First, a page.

Are Home Prices Falling?

Do these circumstances sound familiar? Limited inventory, low interest rates, appreciating home prices, bidding wars, buying sight unseen – and even waiving inspections.


That’s basically the last three years of the U.S. housing market in a nutshell. But in recent news, and according to the August RE/MAX National Housing Report, sales prices are starting to decelerate, offers are coming in lower, and the number of days a home is on the market is slowly increasing. This could be related to the recent rise in interest rates, which have brought a slight bump in inventory, too. RE/MAX President and CEO Nick Bailey says the change could be a good thing – even for sellers. “The decrease in Median Sales Price and stabilization of home prices is great news for buyers who have been patiently waiting on the sidelines the past few years,” he shares. “And the change in conditions should ultimately be favorable to sellers as well, as buyers re-engage with renewed enthusiasm.” For home sellers worried they missed their opportunity, take a deep breath and relax. Real estate professionals explain why they think this is what is called a normalizing – or calming – of the market. Like yoga after a HIIT class. Understanding the market correction Maria Holland, an agent with RE/MAX Homes & Estate in Nashville, Tennessee, helps calm the nerves of anxious sellers. “The problem is, people haven’t seen a normal market in so long, they’ve forgotten what it looks like,” Holland says.

The low interest rates that buyers became accustomed to over the past few years were historically low and allowed them to afford more. This aided in the increase of home prices. As the Fed has increased interest rates in recent months (which in turn has influenced mortgage rates), however, home prices have begun to decelerate. But as Holland points out, the prices aren’t plummeting. “The percentage of appreciation has gone up at such a great rate, it had to stop,” Holland says. “There’s always a ceiling and a floor…Prices are going to stay up, but they’re not going to keep going up.” She believes the market can’t sustain such a level of appreciation and is modestly correcting itself. Holland also emphasizes she thinks sellers are still in a prime market to sell, especially if their homes are priced accordingly and staged to sell. Buyers, she says, are entering a more navigable market compared to last spring. The spring 2022 market saw such a frenzy of competition that many buyers went to extreme measures – like forgoing inspections or purchasing sight unseen – in hopes of locking down a home. Now, she says this shift is merely evening things out for both sides of the transaction and that buyers and sellers will both have a little more time to process. Tamra Wade, Broker/Owner of RE/MAX TRU in Atlanta, Georgia, agrees that the market is simply stabilizing to a normal housing market. “We [got used to] great interest rates and having more buyers than available homes. It wasn't sustainable,” Wade says. “There are a lot of reasons why it’s a good time to buy right now, especially if you are renting,” Wade explains. “Rents are expected to rise sharply in the next 12 months. If you are considering selling, the time is now, too. The competition will grow, so try to sell your home while there is not a ton of competition.” She believes that, as inventory levels continue to rise, the market may see bidding wars diminish, sales could be closer to or at market price, and buyers will likely start to ask for seller-paid closing costs, concession and repairs. Take advantage of still-good timing Holland and Wade are aligned that the biggest takeaway for sellers entering the market this fall is to focus on the house. There will likely be less “selling a home as-is in a single day” scenarios, meaning home sellers will want to re-engage with the process of preparing a home to sell, including staging, curb appeal and more. “I always say that a home is like a first date. You get one chance to make a good first impression when someone walks in the door. So, prepare your home,” Holland advises. “You might have to declutter, you might have to paint, you might have to stage, and you're going to have to spend some time with a good photographer and do some advertising – and possibly have an open house.” Michael Barry, an agent with RE/MAX Select in Green Valley, Arizona, suggests there is always an exception to the rule and, in certain markets, sellers may continue to have the advantage. He works primarily in a Tucson suburb and exclusive retirement community, and says his niche market has not yet experienced the quick correction that other parts of the state have. According to Barry, retirement communities see a constant turnover. And while the last couple of years put a dent in inventory, he says a major market shift has been slow to come. “Four years ago, [Green Valley] had about 200 properties on the market at any given time. Now, we have only maybe 90. So, with about a 50% cut in inventory, prices have risen just like other areas across the country. We’re just starting to see some price reductions, as well as an increase in days on market,” Barry shares. With rising rent prices, Wade explains that she is seeing a mindset shift among current renters looking to become homeowners. “They’re looking at it like, ‘I can pay this to rent or I can pay this to own,’” she says. Specifically, first-time homebuyers are seeking out starter homes – a turnover that can be beneficial for homeowners motivated to upsize or downsize. Holland suggests home sellers work with a real estate agent who will communicate the current market changes and help set realistic expectations for the process when it comes to sales price and days on market. The moral of the story from the RE/MAX pros? The housing market is still in a good place – prices are decelerating but not plummeting, and sales are still strong. Recommended For You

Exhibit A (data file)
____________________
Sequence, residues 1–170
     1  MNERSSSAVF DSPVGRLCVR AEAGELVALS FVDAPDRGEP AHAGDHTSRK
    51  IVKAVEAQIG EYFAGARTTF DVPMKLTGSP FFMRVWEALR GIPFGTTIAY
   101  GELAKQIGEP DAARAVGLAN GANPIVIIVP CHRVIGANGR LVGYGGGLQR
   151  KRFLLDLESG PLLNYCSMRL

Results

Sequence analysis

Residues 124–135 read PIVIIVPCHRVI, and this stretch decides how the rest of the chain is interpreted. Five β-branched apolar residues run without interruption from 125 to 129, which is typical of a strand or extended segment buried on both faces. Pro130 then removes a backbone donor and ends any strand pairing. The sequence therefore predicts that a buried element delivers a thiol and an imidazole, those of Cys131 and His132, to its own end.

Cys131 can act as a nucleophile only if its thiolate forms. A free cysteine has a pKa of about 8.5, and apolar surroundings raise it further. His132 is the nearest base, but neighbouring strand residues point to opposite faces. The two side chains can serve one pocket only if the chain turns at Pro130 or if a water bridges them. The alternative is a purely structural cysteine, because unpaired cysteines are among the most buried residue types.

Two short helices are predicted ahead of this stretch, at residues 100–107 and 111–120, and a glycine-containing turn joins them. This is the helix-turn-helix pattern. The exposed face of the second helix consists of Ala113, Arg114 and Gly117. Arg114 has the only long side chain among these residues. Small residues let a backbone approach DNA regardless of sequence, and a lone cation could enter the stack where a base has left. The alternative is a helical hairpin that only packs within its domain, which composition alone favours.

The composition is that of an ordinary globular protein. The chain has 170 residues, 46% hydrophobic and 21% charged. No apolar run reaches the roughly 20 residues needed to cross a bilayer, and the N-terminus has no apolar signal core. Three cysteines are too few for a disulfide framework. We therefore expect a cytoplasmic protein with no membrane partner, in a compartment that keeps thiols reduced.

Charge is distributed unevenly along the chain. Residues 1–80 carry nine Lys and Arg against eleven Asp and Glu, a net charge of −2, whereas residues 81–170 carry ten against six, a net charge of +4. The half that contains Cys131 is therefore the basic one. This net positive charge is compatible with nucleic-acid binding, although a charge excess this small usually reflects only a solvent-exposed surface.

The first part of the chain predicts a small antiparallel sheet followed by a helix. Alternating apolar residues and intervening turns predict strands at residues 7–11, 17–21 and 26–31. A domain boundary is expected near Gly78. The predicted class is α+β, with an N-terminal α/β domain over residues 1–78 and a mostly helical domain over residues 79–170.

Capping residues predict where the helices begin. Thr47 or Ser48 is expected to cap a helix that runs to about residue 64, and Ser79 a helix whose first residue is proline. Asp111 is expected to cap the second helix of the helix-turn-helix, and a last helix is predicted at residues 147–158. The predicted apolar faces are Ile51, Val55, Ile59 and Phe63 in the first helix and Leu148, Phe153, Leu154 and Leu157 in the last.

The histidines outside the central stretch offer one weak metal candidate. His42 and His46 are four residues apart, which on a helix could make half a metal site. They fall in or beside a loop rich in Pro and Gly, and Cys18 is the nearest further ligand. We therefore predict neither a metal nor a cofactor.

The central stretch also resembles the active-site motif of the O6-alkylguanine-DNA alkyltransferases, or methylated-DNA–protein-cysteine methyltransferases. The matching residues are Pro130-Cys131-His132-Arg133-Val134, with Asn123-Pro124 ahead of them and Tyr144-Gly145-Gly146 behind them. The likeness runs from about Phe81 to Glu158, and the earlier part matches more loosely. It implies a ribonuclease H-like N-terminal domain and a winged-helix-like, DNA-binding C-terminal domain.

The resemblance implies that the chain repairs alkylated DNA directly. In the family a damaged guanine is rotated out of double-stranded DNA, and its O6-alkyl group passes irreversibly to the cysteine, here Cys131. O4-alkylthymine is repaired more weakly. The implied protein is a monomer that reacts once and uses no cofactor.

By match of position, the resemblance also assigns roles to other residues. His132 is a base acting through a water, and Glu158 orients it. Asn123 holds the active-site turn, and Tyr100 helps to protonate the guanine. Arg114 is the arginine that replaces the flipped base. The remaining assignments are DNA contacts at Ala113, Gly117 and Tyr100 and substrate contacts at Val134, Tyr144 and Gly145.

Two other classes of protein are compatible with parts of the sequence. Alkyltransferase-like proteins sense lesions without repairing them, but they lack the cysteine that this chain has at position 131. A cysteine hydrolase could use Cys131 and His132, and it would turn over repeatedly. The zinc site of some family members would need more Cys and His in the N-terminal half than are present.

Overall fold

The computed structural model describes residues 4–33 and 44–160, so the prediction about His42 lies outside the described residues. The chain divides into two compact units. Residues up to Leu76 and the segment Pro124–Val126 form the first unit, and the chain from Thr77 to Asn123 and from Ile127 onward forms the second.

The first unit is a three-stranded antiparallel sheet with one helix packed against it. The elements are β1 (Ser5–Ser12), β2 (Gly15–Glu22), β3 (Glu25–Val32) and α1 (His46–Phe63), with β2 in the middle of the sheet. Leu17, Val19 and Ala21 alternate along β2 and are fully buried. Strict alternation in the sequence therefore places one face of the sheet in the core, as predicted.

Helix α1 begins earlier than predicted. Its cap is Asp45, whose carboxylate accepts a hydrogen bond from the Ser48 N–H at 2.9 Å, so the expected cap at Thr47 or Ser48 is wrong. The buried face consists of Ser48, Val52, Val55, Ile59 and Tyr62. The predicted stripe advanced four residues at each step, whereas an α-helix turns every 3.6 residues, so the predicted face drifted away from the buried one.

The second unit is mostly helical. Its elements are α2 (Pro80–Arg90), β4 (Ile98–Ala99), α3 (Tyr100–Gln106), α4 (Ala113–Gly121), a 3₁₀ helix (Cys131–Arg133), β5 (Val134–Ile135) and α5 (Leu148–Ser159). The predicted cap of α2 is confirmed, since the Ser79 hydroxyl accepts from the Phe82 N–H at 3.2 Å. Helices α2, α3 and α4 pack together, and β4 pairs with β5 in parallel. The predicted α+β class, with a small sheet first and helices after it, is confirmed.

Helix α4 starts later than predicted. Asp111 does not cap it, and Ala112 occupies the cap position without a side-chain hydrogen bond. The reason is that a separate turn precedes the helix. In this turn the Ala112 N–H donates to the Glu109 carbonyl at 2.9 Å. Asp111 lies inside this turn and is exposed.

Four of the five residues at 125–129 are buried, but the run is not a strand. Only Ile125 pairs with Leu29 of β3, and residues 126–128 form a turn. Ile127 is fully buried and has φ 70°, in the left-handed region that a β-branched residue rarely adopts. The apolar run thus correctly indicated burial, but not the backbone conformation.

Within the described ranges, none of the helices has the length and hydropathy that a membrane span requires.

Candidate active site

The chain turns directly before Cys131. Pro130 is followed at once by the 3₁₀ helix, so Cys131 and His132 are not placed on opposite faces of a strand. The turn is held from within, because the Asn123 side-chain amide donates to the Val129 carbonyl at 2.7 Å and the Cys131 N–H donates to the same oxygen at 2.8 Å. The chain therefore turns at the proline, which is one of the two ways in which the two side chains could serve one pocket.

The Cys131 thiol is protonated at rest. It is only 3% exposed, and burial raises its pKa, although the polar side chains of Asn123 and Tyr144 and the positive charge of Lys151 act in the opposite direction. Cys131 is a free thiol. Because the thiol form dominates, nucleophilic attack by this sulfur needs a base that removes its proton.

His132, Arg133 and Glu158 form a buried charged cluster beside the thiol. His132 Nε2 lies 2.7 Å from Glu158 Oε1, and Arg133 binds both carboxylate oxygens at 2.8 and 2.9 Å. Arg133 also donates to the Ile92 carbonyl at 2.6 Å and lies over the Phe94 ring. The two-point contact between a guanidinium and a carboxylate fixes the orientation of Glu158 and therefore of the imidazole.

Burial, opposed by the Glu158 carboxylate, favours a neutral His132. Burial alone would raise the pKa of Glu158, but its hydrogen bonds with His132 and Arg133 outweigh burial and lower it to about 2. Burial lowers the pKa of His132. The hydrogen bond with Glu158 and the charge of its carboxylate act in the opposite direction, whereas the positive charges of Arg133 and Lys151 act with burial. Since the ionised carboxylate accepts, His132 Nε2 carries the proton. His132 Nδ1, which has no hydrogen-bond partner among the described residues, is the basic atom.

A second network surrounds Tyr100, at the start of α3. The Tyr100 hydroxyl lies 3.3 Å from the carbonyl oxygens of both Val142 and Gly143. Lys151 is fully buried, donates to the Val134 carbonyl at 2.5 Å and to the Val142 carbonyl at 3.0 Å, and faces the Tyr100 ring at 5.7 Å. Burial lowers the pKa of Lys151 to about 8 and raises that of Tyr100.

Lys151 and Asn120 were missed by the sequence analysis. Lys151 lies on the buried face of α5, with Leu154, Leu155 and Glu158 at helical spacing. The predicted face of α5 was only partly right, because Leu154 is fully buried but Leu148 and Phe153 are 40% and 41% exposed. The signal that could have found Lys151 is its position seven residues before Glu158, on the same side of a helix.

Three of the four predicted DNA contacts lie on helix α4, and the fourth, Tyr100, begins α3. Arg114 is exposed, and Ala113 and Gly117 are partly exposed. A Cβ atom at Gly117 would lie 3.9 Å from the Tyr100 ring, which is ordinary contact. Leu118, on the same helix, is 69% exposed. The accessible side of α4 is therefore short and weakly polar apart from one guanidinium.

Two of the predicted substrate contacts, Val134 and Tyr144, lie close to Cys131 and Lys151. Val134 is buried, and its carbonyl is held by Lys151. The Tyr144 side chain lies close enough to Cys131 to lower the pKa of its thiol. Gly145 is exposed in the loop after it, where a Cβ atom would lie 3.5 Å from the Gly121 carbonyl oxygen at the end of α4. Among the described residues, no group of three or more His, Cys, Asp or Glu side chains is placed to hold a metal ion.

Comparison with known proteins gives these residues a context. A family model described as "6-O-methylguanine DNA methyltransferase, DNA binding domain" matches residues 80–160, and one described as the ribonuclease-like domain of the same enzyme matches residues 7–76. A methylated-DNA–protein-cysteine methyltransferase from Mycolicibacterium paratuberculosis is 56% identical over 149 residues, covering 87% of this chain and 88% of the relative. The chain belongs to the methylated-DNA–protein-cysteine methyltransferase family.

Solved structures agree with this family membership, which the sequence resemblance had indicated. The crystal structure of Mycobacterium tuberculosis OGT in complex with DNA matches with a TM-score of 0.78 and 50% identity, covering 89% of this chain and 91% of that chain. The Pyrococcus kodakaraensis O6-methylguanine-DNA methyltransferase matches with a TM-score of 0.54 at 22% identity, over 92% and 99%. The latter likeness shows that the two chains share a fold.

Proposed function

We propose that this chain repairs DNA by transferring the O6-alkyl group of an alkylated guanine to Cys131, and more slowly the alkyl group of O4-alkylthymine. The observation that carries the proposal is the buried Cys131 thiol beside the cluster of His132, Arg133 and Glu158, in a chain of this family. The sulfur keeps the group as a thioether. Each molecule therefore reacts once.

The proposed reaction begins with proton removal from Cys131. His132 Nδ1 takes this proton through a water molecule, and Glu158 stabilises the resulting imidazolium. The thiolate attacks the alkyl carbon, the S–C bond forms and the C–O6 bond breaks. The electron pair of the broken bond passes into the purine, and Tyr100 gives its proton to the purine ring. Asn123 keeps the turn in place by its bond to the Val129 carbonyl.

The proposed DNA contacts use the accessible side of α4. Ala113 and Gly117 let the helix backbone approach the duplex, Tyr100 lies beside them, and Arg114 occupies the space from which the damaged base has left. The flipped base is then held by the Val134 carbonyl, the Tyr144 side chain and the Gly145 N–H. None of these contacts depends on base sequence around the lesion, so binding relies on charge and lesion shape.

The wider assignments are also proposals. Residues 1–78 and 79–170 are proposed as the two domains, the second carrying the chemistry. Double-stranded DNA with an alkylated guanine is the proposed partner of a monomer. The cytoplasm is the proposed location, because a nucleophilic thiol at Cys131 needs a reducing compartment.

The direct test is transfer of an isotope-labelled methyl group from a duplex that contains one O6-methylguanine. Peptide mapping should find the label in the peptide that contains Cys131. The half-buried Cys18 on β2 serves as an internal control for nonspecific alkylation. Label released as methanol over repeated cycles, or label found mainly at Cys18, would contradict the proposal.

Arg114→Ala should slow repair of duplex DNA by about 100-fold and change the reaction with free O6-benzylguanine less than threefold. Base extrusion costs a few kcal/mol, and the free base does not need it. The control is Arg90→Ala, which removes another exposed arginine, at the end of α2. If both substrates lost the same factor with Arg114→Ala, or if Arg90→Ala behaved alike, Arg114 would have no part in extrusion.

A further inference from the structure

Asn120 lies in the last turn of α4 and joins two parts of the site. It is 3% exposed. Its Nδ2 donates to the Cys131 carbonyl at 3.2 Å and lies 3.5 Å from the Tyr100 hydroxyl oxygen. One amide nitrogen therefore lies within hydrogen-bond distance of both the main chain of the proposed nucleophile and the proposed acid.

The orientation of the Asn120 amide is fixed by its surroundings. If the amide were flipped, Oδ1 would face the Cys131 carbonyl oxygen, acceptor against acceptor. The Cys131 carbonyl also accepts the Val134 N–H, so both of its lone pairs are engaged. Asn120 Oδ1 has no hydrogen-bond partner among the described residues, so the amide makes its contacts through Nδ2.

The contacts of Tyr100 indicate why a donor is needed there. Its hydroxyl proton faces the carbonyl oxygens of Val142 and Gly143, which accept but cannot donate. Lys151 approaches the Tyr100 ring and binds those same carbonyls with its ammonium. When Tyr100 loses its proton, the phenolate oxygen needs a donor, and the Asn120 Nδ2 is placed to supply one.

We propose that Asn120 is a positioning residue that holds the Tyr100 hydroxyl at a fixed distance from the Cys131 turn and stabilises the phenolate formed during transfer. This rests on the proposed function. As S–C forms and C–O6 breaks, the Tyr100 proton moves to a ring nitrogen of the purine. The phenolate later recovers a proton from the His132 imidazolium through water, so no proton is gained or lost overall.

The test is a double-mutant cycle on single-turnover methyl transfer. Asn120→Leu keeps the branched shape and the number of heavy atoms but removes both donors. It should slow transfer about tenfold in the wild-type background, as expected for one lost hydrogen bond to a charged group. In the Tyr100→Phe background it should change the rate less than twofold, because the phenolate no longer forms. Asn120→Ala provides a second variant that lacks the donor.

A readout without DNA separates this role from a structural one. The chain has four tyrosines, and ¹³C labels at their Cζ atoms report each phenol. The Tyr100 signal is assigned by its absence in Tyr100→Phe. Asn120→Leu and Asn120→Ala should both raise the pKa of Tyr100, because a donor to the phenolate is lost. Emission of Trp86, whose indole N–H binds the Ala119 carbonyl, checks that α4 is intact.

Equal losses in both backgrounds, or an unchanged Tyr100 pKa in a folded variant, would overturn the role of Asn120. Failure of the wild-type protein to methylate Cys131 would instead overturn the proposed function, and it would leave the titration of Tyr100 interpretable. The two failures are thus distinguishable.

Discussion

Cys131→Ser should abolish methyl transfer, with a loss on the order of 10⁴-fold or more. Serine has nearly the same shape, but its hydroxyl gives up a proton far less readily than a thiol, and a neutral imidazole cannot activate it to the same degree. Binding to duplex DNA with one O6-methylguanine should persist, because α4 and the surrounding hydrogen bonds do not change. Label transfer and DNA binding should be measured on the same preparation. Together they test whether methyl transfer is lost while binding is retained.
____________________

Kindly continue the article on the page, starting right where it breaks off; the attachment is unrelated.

Written by KERI HENKE